AFRICANGLOBE – President Mugabe has called for the Group of 77+China to be at the forefront of creating a global order that represents the interests and aspirations of downtrodden people and oppose domination by Western powers. The President said this soon after landing in Santa Cruz de la Sierra, Bolivia, yesterday where he will attend today’s 50th anniversary Commemorative Summit of the G77+China, which runs today and tomorrow.
President Mugabe is accompanied by Foreign Affairs Minister Simbarashe Mumbengegwi and other senior Government officials.
On arrival, President Mugabe inspected a guard of honour and was then treated to two displays of Bolivian cultural dance and music.
Thereafter, he addressed scores of people who had gathered to welcome him to the South American country, saying Zimbabwe would join the rest of the G77+China in fighting oppression and advancing developing countries’ interests.
“We should come together economically, come together politically, come together socially to form a really, really active and operational Group of 77 that will stand firm and can be relied on to protect our interests and aspirations,” President Mugabe said.
The G77 was established in 1964 and is the largest inter-governmental organisation of developing countries operating within the United Nations system.
Founded by 77 countries, its membership has grown to 133 covering Africa, Asia and Latin America, but retains its original name and continues to pursue development of South-South co-operation and co-ordination of mutually beneficial positions at the UN.
On Wednesday, Xinhua reported the host President Evo Morales saying Bolivia could afford to host the summit because it was “financially solvent thanks to the nationalisation of the energy sector”.
Leaders and their representatives are expected to discuss issues such as unemployment, poverty, climate change and food security.
A matter most participants are looking forward to is presentation by Venezuela’s President Nicolas Maduro of evidence of a United States-backed plot to assassinate him.
“We are going to show the evidence of assassination plots, implicating opposition leaders and US officials,” President Maduro has said.
Venezuela has experienced widespread destabilisation since the death of the iconic President Hugo Chavez last year, with opposition groups reportedly getting financial, technical and moral support from Washington to overthrow President Maduro’s government and undo pro-poor policies implemented over the past 15 years.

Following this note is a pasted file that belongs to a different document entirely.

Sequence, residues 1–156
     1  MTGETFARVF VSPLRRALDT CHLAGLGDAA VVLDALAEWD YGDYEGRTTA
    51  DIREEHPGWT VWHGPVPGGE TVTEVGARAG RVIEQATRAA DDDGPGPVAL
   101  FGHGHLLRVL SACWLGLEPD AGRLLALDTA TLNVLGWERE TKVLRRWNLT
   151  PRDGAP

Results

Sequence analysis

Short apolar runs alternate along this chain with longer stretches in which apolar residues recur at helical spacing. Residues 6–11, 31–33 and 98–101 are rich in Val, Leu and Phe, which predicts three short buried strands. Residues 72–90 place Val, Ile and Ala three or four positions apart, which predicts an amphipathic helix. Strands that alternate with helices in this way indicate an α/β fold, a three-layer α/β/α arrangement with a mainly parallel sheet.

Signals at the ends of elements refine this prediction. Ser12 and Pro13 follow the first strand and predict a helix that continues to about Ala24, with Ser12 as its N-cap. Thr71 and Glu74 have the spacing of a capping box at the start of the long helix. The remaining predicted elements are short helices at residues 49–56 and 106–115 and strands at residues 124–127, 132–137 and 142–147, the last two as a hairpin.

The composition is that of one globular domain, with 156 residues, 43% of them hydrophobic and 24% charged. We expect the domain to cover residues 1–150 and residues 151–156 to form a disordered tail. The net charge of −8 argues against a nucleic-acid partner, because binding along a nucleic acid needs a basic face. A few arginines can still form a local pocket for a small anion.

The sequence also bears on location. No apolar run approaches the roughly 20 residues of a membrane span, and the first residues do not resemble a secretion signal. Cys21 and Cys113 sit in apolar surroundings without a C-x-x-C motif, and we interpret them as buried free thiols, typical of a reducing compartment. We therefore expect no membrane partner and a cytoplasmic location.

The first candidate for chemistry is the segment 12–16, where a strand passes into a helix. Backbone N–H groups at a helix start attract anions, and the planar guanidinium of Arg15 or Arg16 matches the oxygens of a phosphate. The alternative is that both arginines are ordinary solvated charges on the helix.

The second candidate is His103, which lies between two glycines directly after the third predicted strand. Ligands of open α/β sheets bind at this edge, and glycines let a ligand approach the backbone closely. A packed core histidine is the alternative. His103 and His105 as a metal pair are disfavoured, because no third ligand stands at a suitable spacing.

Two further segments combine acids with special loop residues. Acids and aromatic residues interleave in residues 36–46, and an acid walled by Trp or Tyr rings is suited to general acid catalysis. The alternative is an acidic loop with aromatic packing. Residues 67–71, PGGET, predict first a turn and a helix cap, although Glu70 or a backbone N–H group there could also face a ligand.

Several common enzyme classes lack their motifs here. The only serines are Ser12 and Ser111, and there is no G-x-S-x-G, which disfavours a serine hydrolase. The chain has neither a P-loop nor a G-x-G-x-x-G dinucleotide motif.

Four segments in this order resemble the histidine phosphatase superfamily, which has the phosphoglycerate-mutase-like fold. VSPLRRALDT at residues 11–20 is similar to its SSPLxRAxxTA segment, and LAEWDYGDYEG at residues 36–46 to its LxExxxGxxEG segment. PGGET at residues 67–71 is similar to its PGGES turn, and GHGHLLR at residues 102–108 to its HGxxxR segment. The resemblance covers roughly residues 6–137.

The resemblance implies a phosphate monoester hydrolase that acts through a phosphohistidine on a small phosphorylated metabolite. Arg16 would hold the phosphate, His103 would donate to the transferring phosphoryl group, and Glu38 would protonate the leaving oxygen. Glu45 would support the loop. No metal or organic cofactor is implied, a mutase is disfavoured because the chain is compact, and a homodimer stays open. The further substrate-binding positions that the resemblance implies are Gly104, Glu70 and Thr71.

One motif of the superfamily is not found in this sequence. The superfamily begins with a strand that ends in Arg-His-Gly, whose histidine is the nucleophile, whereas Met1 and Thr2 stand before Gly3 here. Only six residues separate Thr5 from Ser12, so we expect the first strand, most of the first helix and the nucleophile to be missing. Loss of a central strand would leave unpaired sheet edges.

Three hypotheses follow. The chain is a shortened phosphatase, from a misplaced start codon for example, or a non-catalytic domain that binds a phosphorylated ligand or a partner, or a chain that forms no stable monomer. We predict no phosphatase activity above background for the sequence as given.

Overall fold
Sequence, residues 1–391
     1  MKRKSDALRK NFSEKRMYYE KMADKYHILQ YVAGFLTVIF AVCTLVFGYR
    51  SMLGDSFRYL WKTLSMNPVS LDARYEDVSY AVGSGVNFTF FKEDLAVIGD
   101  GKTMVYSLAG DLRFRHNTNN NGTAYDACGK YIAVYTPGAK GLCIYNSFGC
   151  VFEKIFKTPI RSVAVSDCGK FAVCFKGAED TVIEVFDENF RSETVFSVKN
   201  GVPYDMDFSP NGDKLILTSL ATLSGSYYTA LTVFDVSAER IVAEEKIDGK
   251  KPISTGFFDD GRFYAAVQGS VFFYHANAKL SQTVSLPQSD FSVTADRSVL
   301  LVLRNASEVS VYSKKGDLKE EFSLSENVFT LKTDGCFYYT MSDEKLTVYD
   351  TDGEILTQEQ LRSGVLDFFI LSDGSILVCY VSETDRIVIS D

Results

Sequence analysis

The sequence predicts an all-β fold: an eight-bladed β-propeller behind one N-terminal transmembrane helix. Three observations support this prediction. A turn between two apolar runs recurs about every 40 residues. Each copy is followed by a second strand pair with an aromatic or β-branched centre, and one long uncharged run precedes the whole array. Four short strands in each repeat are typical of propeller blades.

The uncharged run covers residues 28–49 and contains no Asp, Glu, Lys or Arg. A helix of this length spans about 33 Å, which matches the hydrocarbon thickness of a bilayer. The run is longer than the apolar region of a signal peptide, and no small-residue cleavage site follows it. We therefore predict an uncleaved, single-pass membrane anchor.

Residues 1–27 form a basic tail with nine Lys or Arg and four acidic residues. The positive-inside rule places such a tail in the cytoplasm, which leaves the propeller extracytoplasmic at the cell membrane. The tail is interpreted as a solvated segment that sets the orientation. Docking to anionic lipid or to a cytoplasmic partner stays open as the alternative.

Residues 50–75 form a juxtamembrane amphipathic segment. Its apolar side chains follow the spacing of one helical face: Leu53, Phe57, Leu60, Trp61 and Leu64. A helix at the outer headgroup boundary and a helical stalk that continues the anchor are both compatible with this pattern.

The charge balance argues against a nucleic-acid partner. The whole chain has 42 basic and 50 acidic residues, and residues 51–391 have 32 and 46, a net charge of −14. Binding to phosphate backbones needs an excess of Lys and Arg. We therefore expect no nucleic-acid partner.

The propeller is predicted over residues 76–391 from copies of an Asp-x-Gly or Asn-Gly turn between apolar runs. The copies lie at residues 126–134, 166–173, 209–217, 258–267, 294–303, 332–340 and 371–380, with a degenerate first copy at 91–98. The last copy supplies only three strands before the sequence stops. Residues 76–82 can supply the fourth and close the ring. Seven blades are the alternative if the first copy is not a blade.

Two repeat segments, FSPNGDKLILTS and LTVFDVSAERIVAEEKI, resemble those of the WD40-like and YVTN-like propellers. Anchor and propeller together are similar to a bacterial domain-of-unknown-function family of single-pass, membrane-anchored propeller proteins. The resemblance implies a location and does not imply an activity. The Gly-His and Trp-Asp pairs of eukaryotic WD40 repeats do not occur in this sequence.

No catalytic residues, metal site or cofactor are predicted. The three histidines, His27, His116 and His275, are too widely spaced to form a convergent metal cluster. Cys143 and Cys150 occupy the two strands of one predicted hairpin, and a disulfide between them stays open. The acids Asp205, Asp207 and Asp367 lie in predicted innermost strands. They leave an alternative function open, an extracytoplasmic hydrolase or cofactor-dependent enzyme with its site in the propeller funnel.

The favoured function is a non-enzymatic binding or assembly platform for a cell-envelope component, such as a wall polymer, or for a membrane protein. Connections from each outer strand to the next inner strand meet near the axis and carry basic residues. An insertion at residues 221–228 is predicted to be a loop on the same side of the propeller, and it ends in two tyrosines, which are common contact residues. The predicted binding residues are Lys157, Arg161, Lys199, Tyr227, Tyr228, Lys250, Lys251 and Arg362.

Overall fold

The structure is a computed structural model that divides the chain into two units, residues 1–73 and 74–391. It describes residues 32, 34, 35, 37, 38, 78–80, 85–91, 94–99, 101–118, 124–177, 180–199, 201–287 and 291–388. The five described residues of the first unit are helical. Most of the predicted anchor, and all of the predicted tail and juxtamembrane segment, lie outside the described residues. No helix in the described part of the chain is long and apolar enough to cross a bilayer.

The choice of Bolivia to host the commemorative summit could not have been more inspired.
President Morales is Bolivia’s first democratically-elected leader from the indigenous population.
Morales’ administration has busied itself with poverty eradication, nationalisation and economic empowerment and eroding the influence of the United States and big Western corporations in the local economy and body politic.
President Morales has exacted more taxes from the hydrocarbons sector, has instituted agrarian reforms and boosted literacy.
Expectations are that he will be re-elected by a landslide in polls later this year.
Bolivia itself is named after Simón Bolívar, who died in 1830 and is considered one of the most influential politicians in Latin America’s history.
Bolívar was a soldier and politician who was instrumental in ending Spain’s colonisation of Venezuela, Colombia, Panama, Ecuador, Peru and Bolivia, playing a central role in the creation of a union called Gran Colombia, which he led from 1819 to his death.
The politics and economics of self-reliance and South-South co-operation are central to the ideology of the G77+China.
At their last meeting at the UN headquarters in the United States in 2013, foreign affairs ministers of the G77+China resolved, among other things, to maintain focus on poverty eradication and food security of their peoples.
“Ministers stressed that poverty eradication is the greatest global challenge facing the world today and an indispensable requirement for sustainable development . . .
“Ministers further stressed that, in order to enable governments of developing countries to effectively eradicate poverty, developing countries must ensure national ownership of their own development agenda, which entails preserving their own policy space backed by a strong political commitment to reduce poverty in line with their national priorities and circumstances.”
They also called for strengthening of the UN system and reform of multilateral lending institutions and the international financial architecture to make them more democratic, and debt restructuring.
“The ministers firmly rejected the imposition of laws and regulations with extraterritorial impact and all other forms of coercive economic measures, including unilateral sanctions against developing countries, and reiterated the urgent need to eliminate them immediately,” their declaration read.
“They emphasised that such actions not only undermine the principles enshrined in the Charter of the United Nations and international law, but also severely threaten the freedom of trade and investment.
‘‘They, therefore, called on the international community neither to recognise these measures nor apply them.”
By: Mabasa Sasa